This is an exceptionally good vintage for Bordeaux, with the best reds probably eclipsing those of any vintage in recent memory.In our visits to Bordeaux in early April 2019 we tasted some of the finest clarets we have ever tasted en primeur. The wines are intense, powerful and most have excellent ageing potential. Colours are deep, alcohol levels are between half a degree and a full degree higher than recent averages, and tannins are ripe. Yet the best wines have maintained freshness, energy and most importantly balance. And it’s not just the top wines that shone in 2018; many super wines were made at the more affordable end of the price spectrum, and this offer includes plenty of examples. But whilst all the top communes and appellations made a number of truly remarkable wines, 2018 is not a universally fabulous vintage. It is much less consistent than 2016, 2010 and 2009, and considerable care was needed in selecting the wines we wanted to offer our members. The keys to making excellent wines in 2018 were firstly choosing the right time to harvest, and secondly ensuring gentle handling of the grapes during the winemaking process. Picking too early meant good acidity in the wines but a lack of phenolic ripeness, whereas harvesting too late led to over-alcoholic wines lacking freshness. The grapes at harvest were tiny in 2018, and the skins were packed with tannin. Only the gentlest of extractions was necessary in the winery.In addition to the many red wines there were many excellent dry whites, which despite the heat and dryness of the vintage also maintained admirable freshness. 2018 was another vintage of extremes. One of the wettest early seasons on record was followed by one of the driest and sunniest summers. The mild, damp spring encouraged a widespread and aggressive mildew attack. This had a devastating effect on some châteaux’s yields, with those producers employing organic and biodynamic practices particularly badly affected. Hail also struck in parts of the southern Médoc, Sauternes and the Côtes de Bourg.But then the clouds parted and the sun shone… and shone. Between the beginning of July and the harvest there was 25% more sun than the 30-year average, and rainfall was tiny – just 46mm fell throughout the entire summer at Château Margaux. The harvest was very long and unhurried, with growers able to decide exactly when each plot of vines should be picked.In conclusion, it was possible in 2018 to make superlative wines, as long as you were vigilant in the vineyards during the growing season, when choosing the optimum harvest date, and then in managing the vinifications in the cellar. Not everyone got these three vital elements right, and so careful selection has been key for us.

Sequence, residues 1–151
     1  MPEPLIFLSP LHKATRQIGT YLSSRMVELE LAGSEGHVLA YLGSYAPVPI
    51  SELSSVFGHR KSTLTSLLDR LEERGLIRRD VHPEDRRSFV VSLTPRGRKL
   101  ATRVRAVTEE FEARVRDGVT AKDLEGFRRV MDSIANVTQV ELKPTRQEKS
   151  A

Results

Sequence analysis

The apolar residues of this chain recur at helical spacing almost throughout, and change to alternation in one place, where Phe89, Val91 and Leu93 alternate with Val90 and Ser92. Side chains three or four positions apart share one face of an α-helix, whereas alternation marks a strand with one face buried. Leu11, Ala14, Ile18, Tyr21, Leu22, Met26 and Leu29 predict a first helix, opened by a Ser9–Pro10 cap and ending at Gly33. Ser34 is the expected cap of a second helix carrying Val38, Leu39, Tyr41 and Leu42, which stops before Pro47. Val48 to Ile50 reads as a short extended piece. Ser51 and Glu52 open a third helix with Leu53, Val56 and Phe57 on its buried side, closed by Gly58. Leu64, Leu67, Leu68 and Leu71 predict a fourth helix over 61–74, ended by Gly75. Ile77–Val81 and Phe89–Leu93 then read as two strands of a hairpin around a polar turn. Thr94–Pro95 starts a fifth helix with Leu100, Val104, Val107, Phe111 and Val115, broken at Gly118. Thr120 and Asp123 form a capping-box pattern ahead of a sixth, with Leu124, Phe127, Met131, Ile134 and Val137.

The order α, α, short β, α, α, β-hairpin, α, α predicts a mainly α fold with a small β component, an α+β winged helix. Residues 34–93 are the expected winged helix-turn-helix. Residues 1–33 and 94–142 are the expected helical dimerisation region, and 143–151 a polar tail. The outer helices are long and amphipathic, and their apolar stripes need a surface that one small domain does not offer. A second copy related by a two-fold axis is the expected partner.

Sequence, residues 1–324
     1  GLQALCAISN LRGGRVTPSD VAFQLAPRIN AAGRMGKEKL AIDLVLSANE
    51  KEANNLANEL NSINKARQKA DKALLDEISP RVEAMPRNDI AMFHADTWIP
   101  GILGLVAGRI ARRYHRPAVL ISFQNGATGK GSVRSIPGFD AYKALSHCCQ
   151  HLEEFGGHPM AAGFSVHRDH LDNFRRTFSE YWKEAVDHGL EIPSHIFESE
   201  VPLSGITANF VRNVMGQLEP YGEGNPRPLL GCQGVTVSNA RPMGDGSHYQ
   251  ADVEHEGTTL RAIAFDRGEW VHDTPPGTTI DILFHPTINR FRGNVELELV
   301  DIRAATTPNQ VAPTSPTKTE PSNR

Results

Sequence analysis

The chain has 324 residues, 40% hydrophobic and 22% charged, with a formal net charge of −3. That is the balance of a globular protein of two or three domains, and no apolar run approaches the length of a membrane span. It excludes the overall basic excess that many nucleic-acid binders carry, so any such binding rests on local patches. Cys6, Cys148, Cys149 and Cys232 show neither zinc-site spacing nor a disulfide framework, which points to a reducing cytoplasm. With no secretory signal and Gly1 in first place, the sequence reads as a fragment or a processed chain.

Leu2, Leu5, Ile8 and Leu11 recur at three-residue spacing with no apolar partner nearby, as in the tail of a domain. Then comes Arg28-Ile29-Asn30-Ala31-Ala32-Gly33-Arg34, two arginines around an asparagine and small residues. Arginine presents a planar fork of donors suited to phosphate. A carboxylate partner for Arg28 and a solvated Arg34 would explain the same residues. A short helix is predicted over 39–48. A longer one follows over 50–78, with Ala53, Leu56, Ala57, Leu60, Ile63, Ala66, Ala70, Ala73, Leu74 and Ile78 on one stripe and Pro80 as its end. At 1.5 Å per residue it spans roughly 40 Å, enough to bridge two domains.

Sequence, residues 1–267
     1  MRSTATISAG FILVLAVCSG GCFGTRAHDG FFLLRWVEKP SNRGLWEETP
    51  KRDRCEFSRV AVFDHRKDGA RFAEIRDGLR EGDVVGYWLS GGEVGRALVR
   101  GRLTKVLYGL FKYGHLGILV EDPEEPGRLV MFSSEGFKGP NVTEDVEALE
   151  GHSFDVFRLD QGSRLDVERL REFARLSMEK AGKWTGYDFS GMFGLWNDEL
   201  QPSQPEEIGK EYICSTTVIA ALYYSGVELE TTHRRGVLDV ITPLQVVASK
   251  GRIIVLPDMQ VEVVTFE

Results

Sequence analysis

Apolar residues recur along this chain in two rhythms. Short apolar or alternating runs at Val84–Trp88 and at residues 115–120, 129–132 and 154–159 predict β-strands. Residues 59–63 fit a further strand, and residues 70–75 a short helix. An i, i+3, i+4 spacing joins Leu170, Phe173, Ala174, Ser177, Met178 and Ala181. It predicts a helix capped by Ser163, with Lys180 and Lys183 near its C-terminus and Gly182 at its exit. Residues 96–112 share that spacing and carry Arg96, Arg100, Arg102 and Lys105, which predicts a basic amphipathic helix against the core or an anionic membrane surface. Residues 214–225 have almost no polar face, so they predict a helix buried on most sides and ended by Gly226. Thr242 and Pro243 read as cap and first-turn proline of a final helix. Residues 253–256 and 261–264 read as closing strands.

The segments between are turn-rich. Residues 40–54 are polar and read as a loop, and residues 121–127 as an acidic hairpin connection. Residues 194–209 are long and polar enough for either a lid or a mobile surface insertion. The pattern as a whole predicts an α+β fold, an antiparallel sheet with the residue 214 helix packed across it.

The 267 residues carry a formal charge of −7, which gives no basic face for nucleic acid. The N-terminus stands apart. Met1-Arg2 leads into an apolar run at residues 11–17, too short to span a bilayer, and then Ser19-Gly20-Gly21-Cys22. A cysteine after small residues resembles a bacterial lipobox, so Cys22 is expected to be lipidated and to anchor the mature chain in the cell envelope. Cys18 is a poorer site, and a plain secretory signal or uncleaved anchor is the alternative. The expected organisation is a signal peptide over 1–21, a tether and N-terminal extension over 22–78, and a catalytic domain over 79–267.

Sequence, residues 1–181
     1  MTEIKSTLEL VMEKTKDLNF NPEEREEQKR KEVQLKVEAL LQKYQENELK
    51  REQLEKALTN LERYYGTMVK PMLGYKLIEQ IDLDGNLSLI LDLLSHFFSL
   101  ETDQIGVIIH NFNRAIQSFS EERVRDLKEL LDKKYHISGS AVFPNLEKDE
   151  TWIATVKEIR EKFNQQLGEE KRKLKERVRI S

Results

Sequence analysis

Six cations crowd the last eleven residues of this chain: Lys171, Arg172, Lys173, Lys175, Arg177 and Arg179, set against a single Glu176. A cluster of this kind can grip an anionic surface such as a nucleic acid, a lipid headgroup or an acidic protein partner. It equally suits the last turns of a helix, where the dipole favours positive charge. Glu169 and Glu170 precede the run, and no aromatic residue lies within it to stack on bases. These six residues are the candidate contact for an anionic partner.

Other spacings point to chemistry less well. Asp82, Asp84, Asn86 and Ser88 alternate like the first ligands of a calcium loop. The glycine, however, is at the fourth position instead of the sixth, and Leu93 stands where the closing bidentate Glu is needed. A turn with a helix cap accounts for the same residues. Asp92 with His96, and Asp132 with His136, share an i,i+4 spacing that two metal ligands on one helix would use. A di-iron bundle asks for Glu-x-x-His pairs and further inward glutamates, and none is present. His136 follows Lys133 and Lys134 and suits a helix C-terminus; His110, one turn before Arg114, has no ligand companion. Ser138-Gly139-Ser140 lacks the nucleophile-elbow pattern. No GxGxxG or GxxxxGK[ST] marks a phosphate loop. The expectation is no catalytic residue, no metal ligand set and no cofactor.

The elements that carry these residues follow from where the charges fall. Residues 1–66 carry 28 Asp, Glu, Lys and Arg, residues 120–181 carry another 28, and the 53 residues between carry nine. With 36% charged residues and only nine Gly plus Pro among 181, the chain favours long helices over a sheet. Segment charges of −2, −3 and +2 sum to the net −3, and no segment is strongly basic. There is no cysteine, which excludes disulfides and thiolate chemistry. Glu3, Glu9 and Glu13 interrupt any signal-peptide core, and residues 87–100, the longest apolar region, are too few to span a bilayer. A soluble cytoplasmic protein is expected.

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"Purchased as part of a mixed case.
Highly enjoyable ‘everyday’ claret in a handy half bottle size.
Excellent fruit and concentration for the price.
Complemented a chunk of Sage Derby cheese and rustic bread for supper.
Fully recommended "
Mr John Davies (22-Nov-2019)
"Simple, fruity, enjoyable. Mainly merlot and the better for it in my opinion. Far more approachable and easy drinking than, ahem, "another wine merchant's" Good Ordinary Claret which was a big disappointment being far too ambitious for its price point and practically undrinkable. The Society's claret is unpretentious and honest. I'm sure that it will become a repeat order."
Mr Tom Lavercombe (15-Dec-2018)
"Just received another case of 24 half bottles of this very drinkable claret. As other reviewers have said its not the most complex of wines but very enjoyable to drink on its own or with food. Slightly more expensive in half bottle format but given that if there is an open bottle of red my self control is almost non existent its a perfect amount for me as my wife rarely drinks wine at home. "
Mr David Marshall (23-Nov-2018)
"This is not only the first bottle I have bought from the Society but the first time I have purchased in this format (half). So an evening of firsts and full of expectations! The wine is exactly what I need in an every day wine, will it blow you a way with complexity? No, but this is missing the point. At this price point it is a very drinkable claret and holds up well against many higher priced supermarket stalwarts.
The format is a revelation especially for this price point and everyday drinking. I would advise anyone to try smaller bottles, for the convenience of that during the week glass of wine with dinner.
The wine is easy drinking, this is evident in the soft tannins and fruity nature of this claret. A great post work glass of red.
Mr Lee Bartup (14-Mar-2018)
"Personally would like a Society claret with a high proportion of Cabernet Sauvignon. Merlot based at the cheaper end in my view are very bland. Notwithstanding this is a very popular and good value claret."
Mr David J Rutter (12-Dec-2014)
"Very impressive and really good value. A lovely balance of fruit, tannins and acidity (and hints of minerality?) Tasty and refreshing.
Mr Andrew Watson (16-Aug-2014)
"We have enjoyed each of these half-bottles as everyday claret and they have provided exactly what we were after. The small format is ideal for weekday evenings, and then the next day (sometimes) you can simply open a fresh bottle!"
Mr Peter Lawrence (25-May-2010)